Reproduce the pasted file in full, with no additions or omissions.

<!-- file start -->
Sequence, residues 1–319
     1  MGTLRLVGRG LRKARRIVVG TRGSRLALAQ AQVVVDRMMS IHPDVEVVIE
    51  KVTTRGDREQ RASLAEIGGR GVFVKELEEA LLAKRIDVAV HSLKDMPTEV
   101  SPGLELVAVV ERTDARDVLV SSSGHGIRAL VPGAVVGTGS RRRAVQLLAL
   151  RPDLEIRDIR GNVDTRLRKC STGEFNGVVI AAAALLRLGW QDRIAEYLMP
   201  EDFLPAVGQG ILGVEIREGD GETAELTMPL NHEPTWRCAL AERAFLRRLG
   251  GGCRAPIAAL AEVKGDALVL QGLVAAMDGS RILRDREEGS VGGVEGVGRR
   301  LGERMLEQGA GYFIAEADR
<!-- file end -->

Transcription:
Sequence, residues 1–319
     1  MGTLRLVGRG LRKARRIVVG TRGSRLALAQ AQVVVDRMMS IHPDVEVVIE
    51  KVTTRGDREQ RASLAEIGGR GVFVKELEEA LLAKRIDVAV HSLKDMPTEV
   101  SPGLELVAVV ERTDARDVLV SSSGHGIRAL VPGAVVGTGS RRRAVQLLAL
   151  RPDLEIRDIR GNVDTRLRKC STGEFNGVVI AAAALLRLGW QDRIAEYLMP
   201  EDFLPAVGQG ILGVEIREGD GETAELTMPL NHEPTWRCAL AERAFLRRLG
   251  GGCRAPIAAL AEVKGDALVL QGLVAAMDGS RILRDREEGS VGGVEGVGRR
   301  LGERMLEQGA GYFIAEADR